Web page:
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Healthcare

Inside Cook Children’s Medical Center – Prosper

Less than two years since opening, the hospital is already growing to meet the needs of exploding Collin County.
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Inside Cook Children’s Medical Center – Prosper

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It is nearly 60 miles between Cook Children’s Medical Center in Fort Worth and the pediatric health system’s new Prosper campus. On a day with zero traffic, it would take an hour to get from the communities surrounding the Prosper hospital to the system’s mothership. Traffic may double that travel time. But as the facility on the region’s quickly growing northern edge expands, more patients are getting all the care they need in Prosper.

D CEO Healthcare toured the new hospital with Kevin Greene, who runs the Prosper campus in his role as Vice President with Cook Children’s. The 220,000 square foot, six-story facility is only the second new facility built in the system’s 105-year history (it will turn 106 next month). It was built with growth in mind, and after 1.5 years in operation, it is expanding to build out the fourth floor, which was initially shell space, with 24 extra beds. The third floor remains a shell for future expansion.

The campus employs around 400 people and includes a pharmacy, medical office building, urgent care clinic, and a surgery center that saw 4,000 children last year. The acute care hospital includes 14 different specialties and 26 specialists, and the system’s network consists of 43 pediatricians in the region. The campus cared for around 100,000 children last year.

The Prosper campus is already growing from 24 beds when it opened to 58 when the fourth-floor construction ends. By 2026, Greene says the hospital will likely be fully built out, but the system has an eye on even more growth. The main Fort Worth Cook Children’s hospital has 430 beds on 30 acres tucked into Fort Worth’s medical district, but the Prosper campus sits on 35 acres.

A retail pharmacy, gift shop, outpatient lab, an expanded emergency department, and intensive care unit mean that many nearby patients can get everything they need without traveling far. The facility is also thinking about a trauma designation, and Greene hopes to begin the conversation by the end of the year. The hospital has added three operating rooms and can expand the intensive care unit to 24 beds as well. “It is a one-stop shop to have it all there,” Greene says. “We want to eliminate the delay and get kids all the care they need.”

The benefit of being a new facility is that it has all of the latest in-room technology. Rather than whiteboards listing the names of the care team that are often not updated, the rooms are equipped with screens connected to the electronic health record that automatically updates who is caring for the child. The screens also update the patient’s dietary needs for the nutrition team.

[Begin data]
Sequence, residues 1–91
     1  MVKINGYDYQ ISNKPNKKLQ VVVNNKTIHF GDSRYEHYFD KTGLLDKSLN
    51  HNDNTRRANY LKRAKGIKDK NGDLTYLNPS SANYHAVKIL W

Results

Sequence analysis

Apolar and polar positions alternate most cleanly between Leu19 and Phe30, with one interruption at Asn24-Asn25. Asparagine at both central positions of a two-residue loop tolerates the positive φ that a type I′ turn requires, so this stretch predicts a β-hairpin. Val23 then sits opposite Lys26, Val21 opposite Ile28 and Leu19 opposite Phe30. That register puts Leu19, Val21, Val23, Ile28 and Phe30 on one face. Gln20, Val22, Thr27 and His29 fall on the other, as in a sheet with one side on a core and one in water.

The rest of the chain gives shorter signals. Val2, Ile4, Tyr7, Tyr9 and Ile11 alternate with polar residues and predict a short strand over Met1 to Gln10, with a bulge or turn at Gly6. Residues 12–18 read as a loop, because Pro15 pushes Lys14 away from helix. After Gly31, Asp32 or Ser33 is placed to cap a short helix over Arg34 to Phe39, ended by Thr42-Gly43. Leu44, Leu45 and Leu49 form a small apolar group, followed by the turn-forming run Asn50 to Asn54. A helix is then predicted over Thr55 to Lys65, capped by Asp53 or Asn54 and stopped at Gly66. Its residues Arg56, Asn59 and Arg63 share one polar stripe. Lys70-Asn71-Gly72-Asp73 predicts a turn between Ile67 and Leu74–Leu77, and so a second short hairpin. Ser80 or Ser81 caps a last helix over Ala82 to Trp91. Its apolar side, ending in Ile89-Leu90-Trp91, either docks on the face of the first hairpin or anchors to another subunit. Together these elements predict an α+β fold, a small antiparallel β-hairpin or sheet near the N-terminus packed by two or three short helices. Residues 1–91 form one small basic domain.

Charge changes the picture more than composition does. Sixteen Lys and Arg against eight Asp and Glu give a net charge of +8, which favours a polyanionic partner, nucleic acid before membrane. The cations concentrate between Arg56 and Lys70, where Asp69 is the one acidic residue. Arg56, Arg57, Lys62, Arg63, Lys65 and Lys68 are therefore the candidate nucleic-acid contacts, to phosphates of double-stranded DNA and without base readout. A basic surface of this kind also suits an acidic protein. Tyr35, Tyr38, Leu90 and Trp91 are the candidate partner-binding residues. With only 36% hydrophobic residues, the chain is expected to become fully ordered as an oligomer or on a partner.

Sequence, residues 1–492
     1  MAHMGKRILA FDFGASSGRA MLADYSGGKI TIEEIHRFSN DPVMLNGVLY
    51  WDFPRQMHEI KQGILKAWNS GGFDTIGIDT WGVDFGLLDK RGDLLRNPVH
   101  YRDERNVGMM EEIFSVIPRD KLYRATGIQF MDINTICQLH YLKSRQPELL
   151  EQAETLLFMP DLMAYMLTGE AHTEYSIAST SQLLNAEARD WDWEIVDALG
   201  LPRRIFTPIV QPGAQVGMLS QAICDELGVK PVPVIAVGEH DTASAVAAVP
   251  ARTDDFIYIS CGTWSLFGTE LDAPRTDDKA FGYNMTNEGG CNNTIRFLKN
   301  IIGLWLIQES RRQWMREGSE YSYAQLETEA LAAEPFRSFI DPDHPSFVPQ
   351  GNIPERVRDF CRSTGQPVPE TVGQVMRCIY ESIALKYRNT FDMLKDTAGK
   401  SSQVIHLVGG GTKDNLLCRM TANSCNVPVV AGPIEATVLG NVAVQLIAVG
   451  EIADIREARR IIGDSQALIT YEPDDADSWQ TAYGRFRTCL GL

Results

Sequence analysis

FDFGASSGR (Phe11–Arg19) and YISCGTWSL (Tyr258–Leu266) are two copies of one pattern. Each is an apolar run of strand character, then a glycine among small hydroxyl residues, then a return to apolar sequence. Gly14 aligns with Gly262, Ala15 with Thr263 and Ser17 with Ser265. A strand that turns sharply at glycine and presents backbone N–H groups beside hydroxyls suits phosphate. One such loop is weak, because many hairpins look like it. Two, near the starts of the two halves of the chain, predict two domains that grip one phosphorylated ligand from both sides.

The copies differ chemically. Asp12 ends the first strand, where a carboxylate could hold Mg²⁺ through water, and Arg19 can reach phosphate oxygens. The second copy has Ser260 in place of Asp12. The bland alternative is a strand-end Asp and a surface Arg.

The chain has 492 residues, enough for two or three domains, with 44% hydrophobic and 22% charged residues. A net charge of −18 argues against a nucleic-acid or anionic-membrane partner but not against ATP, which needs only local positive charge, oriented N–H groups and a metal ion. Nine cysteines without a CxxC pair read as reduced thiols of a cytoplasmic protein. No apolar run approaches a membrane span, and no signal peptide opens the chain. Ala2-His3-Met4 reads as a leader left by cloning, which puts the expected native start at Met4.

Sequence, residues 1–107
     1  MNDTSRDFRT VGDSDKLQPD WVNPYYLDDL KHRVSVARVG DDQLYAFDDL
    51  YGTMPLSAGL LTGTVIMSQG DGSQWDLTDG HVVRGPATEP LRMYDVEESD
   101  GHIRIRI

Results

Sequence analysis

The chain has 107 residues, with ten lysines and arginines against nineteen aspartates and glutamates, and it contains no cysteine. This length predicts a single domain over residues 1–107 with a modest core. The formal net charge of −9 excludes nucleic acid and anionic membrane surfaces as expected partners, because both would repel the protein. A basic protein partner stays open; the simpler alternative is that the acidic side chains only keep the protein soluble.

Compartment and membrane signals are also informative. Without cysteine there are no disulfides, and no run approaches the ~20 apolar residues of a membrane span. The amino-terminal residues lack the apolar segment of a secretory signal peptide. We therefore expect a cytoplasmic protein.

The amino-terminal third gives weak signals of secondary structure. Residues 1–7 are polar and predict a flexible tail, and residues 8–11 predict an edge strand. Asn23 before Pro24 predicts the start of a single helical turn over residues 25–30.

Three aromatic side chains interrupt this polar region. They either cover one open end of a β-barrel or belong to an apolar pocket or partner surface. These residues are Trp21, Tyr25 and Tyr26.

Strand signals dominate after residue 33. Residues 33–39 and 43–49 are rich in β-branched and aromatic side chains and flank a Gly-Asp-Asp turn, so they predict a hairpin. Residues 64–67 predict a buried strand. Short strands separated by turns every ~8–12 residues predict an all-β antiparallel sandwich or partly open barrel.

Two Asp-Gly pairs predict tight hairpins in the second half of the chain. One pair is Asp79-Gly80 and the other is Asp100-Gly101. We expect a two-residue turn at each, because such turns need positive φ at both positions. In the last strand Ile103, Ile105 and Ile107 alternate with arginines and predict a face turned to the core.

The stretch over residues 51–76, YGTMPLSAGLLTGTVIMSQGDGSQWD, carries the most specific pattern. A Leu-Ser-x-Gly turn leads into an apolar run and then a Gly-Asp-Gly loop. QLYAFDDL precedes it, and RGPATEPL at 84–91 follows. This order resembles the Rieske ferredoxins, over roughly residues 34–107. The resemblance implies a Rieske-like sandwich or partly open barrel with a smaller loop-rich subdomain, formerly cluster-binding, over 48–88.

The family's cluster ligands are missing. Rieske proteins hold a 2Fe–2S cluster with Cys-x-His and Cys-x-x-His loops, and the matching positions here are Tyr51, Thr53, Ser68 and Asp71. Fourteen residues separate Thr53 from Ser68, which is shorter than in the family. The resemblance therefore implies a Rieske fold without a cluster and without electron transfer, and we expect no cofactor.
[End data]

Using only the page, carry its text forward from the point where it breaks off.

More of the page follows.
Many of the rooms are equipped with Netflix and Disney Plus as well as a camera that can zoom in on the patient for remote appointments with a specialist who might not be in Prosper. This means families can catch up with their neurosurgeon or other specialist who may be based in Fort Worth without having to travel.

Though not unsurprising in a pediatric facility, the playful design of the hospital catches the eye. A massive screen depicting an outdoor scene welcomes guests into the main lobby and changes with the time of day. On the roof is the “Sistine Chapel of cows,” where bovines float through a sky that turns into stars at night. The floor is marked with colorful shapes and accompanying light colors to help patients and families navigate the hospital. The Cook Children’s mascot Peaks the dragon can be found hidden in different murals throughout the hospital, engaging patients with a visual Easter egg hunt.

For Greene, his leadership role at Cook Children’s is a full-circle moment. The Fort Worth native and father of two was once a patient at the health system and was a college intern with Cook Children’s. He is embracing his leadership role in the community, as evidenced by his family’s move to Prosper and his role as the president of the Prosper Chamber of Commerce.

The first six months of operations were somewhat slow as the public and provider community became aware of the hospital and the care it provided, but business has been booming recently. With more than one million children in the region, Greene says the hospital will be ready to serve the growing community, however, it looks. “In five years, things may look completely different, but we are confident that the need will be here for all of our pediatric beds in the market,” he says.

Author

Will Maddox

Will Maddox

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Will is the senior writer for D CEO magazine and the editor of D CEO Healthcare. He's written about healthcare…

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